Issue: What is needed to establish a prior breach of a service agreement in Minnesota?
|Area of Law:||Business Organizations & Contracts, Litigation & Procedure|
|Keywords:||Prior breach doctrine; Substantial or material breach; Service agreement|
|Cited Cases:||658 N.W.2d 522; 764 N.W.2d 585; 96 N.W.2d 537; 174 F. Supp. 2d 951|
|Cited Statutes:||Restatement (Second) of Contracts § 237|
Modern courts, and the Restatement (Second) of Contracts, recognize that, typically, something more than an alleged substandard performance by one party to a contract is necessary to excuse the other party’s performance. See 14 Richard A. Lord, Williston on Contracts § 43:5 (4th ed. 2011). That is, the general rule is that where the performance of one party is due before that of the other party, an uncured failure of performance by the former will suspend or discharge the latter’s duty of performance only if the failure is material or substantial. Id. If the prior breach of a contract is slight or minor, as opposed to material or substantial, the non-breaching party is not relieved of his or her duty of performance. Id. In what is essentially a variation of this rule, some courts have indicated that a breach of contract that is only "partial," as opposed to "total," does not relieve the other party from its obligation to perform. Id.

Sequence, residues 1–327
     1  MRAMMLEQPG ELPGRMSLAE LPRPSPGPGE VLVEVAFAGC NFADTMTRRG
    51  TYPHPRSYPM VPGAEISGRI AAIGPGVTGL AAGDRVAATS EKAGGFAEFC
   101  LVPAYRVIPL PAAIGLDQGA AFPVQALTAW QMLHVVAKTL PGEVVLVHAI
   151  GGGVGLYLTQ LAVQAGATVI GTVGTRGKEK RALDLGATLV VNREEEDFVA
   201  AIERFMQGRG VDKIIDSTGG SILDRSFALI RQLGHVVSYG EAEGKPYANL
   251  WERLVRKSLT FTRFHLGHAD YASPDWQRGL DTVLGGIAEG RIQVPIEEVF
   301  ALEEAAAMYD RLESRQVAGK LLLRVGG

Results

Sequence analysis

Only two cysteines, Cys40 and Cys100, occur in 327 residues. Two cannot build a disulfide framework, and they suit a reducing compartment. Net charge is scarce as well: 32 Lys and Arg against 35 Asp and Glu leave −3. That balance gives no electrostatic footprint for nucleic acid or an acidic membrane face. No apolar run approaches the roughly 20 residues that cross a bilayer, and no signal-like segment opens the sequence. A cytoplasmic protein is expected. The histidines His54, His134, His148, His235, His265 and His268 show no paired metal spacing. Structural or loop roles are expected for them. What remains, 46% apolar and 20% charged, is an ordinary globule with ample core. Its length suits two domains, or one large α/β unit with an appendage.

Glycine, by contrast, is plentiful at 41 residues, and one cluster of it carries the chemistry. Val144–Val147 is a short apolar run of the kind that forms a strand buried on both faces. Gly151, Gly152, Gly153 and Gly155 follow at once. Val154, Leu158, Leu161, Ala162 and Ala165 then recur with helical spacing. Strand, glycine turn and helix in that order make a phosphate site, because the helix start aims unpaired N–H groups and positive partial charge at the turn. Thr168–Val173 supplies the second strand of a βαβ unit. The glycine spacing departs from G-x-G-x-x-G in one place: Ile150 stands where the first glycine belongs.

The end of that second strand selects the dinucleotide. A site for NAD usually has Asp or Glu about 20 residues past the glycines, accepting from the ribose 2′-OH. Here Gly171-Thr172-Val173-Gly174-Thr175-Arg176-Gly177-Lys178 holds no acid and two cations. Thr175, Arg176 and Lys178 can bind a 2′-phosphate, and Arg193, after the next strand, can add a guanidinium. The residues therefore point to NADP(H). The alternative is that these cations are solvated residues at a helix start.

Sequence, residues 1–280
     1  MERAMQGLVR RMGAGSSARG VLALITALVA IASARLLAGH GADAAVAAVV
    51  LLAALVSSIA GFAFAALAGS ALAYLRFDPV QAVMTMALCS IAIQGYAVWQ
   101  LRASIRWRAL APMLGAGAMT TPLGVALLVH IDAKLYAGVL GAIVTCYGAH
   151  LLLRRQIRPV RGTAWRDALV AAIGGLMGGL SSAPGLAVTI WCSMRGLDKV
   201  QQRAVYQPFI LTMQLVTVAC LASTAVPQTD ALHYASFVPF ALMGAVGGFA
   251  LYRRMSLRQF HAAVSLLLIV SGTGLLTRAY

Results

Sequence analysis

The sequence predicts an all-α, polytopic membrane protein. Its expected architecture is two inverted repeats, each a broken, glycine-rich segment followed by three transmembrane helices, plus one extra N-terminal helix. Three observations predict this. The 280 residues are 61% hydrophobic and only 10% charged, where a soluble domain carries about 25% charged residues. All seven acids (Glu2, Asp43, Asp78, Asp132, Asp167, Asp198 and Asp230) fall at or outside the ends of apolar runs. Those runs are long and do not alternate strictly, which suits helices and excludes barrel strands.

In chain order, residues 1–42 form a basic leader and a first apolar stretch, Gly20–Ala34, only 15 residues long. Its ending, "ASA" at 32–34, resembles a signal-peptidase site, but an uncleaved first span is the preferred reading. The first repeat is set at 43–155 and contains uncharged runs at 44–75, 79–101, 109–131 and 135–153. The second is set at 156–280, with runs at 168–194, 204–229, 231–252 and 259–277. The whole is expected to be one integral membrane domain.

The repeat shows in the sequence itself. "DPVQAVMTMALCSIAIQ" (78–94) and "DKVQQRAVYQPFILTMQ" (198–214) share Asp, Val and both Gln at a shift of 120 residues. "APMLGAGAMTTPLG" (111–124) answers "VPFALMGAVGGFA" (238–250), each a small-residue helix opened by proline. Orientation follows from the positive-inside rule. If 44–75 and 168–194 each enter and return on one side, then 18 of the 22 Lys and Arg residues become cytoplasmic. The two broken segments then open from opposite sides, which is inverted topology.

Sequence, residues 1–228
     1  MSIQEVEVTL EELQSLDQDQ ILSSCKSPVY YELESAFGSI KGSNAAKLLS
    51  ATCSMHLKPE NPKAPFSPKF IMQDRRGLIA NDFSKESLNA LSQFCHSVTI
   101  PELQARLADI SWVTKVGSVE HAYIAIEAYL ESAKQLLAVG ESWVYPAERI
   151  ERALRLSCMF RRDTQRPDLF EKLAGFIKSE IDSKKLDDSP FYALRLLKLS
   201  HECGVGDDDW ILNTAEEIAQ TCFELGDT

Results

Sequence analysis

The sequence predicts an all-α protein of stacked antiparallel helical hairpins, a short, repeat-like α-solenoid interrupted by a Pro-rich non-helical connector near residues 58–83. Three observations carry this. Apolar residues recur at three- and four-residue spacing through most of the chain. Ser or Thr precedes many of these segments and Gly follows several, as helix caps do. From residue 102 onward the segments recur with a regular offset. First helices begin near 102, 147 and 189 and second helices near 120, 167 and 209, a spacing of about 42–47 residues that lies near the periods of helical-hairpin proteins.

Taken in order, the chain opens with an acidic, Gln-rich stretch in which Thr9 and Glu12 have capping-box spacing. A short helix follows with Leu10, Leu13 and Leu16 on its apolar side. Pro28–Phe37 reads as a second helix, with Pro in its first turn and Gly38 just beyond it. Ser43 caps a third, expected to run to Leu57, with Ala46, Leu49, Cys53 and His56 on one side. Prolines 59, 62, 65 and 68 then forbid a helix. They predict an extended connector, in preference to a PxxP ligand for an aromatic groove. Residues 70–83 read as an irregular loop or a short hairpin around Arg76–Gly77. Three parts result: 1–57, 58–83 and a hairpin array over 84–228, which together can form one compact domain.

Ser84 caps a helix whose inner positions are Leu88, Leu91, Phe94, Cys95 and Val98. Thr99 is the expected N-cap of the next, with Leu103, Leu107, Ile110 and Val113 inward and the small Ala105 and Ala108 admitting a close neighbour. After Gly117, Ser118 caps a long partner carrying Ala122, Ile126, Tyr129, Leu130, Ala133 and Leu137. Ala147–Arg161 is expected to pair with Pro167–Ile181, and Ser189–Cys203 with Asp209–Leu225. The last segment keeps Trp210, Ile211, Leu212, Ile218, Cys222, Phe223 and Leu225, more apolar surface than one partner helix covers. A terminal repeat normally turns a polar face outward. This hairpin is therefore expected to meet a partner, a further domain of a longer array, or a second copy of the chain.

Minnesota recognizes this “prior breach” doctrine. Under Minnesota law, the non-performance by one party under a contract will excuse the future contractual obligations of the other party, but only when the prior breach is substantial or material. E.g., Nutrisoya Foods, Inc. v. Sunrich LLC, 626 F. Supp. 2d 985 (D. Minn. 2009) (citing Home Ins. Co. v. Nat’l Union Fire Ins., 658 N.W.2d 522, 534 (Minn. 2003); Melford Olsen Honey, Inc. v. Adee, 452 F.3d 956, 965 (8th Cir. 2006); Parkhill v. Minnesota Mut. […]